At the time there was more retreating than rehabbing taking place in the immediate area, back before the injection of capital along Tower Grove Avenue and Manchester Road. Roth and Lyons envisioned a gathering place for lunch and happy hour, a place that would close shop at 8 p.m. On Saturdays they would close at 3 p.m., reserving the evening for private parties. All that would be fine (except for the odd closing time) were it not for Roth's cooking, which elevates bar food from the depths of fatty fare used to coat the stomach in preparation for more alcohol to an emphasis on fresh ingredients and simple but flavorful food.
When watching Roth in the semi-open kitchen, it's hard not to notice the care he takes in preparing meals. The soups and chili are made in-house, as are the chips and the chicken wings, which are dry-rubbed with a spicy powder. Roth doesn't merely put food on a plate, ring a bell and have the dish whisked to your table; he dresses each plate carefully, wiping off dribbles of sauce and making sure the presentation is precisely right -- and that's just for a burger.
After realizing the extent of Roth's skills in the kitchen, people wanted something more than a few appetizers to nosh on while drinking their pale ales, Shiner Bocks and PBRs. So Roth and Lyons extended food service to the 8 p.m. closing time with a dinner menu that includes many of their lunch items. The upshot: Roth gets to take his culinary skills beyond wraps, clubs and burgers with nightly specials.
One night it was medallions of beef tenderloin -- three good-size ovals, about three ounces each and grilled medium-rare, just as I requested. Ladled over the top was concentrated caramelized onion sauce, which added to the beef just a hint of savory sweetness. And true to Roth's philosophy, the vegetable medley was nowhere near the frozen variety: fresh mushrooms, green beans and diced tomatoes sautéed in an earthy balsamic vinegar-based sauce. A baked potato provided the starch. At $13.95, the nicely balanced meal was a bargain. I started off with the house salad and was quite glad I did: Mixed greens were tossed with red onion, julienne carrots, dried cranberries, feta cheese and a sweet, creamy vinaigrette. My only problem with dinner salads in general is that restaurants love to pile the greens high on a small plate and assume one can neatly mix the dressing -- usually served on the side -- with only a knife and fork. Please, give me a salad bowl and two spoons so I can toss the salad and dressing evenly -- or at least ask if I want the kitchen to do it.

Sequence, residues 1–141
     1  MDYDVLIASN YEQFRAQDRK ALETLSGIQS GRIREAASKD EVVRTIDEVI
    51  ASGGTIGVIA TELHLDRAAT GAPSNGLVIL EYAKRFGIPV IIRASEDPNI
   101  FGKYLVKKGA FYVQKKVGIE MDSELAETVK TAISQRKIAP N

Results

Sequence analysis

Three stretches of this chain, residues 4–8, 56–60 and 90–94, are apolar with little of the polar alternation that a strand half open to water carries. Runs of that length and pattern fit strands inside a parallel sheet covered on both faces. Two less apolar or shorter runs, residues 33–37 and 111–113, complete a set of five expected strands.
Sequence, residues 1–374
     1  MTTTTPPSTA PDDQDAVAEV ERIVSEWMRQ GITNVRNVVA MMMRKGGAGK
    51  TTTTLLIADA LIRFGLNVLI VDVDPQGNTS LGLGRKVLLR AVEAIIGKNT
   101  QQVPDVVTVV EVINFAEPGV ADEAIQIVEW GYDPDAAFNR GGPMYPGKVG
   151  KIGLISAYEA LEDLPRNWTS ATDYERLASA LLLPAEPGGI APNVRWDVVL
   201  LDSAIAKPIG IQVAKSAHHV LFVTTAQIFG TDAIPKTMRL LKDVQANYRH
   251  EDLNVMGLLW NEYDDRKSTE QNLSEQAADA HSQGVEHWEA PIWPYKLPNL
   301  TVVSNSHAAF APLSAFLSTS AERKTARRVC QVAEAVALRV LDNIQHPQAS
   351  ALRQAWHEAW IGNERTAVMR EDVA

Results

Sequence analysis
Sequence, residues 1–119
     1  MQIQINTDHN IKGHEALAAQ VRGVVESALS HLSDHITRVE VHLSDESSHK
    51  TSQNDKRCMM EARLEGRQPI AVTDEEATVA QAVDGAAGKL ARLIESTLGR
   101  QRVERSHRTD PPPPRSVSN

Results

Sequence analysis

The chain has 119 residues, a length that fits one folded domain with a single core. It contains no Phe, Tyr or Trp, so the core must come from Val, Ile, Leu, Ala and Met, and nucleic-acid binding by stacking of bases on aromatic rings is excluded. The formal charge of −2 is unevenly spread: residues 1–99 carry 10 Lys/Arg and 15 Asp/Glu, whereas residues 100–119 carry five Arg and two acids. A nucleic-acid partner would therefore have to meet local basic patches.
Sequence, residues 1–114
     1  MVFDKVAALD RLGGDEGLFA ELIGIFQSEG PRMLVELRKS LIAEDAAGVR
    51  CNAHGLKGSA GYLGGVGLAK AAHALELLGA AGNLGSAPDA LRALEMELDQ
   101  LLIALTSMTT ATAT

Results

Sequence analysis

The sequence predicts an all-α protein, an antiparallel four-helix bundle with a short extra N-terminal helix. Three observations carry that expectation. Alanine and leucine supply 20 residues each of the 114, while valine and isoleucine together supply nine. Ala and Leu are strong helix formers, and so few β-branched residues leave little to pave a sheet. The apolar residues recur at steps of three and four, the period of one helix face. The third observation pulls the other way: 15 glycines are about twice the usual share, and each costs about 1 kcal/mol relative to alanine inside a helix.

Dessert was a butterscotch crème brûlèe topped with a needless dollop of spray-can whipped cream and a maraschino cherry. But who knew that three small pieces of candied walnuts set to the side could add so much to this ubiquitous custard?
Now, if we can only get the Billy Goat to keep real restaurant and bar hours.
Let's admit it: "What's for lunch?" is the question we start asking around, oh, 9 a.m. (followed by "What's for dinner?" around 2 p.m.). For those who like to eat, the anticipation of going out motivates us through a dreary workday. And one of those culinary bright spots is Frazer's Brown Bag.